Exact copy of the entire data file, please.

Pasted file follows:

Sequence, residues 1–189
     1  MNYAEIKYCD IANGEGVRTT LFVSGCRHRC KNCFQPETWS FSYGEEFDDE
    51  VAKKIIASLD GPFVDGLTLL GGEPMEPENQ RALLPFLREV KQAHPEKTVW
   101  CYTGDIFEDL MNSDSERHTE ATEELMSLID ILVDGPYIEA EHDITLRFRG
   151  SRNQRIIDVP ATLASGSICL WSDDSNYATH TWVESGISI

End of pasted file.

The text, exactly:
Sequence, residues 1–189
     1  MNYAEIKYCD IANGEGVRTT LFVSGCRHRC KNCFQPETWS FSYGEEFDDE
    51  VAKKIIASLD GPFVDGLTLL GGEPMEPENQ RALLPFLREV KQAHPEKTVW
   101  CYTGDIFEDL MNSDSERHTE ATEELMSLID ILVDGPYIEA EHDITLRFRG
   151  SRNQRIIDVP ATLASGSICL WSDDSNYATH TWVESGISI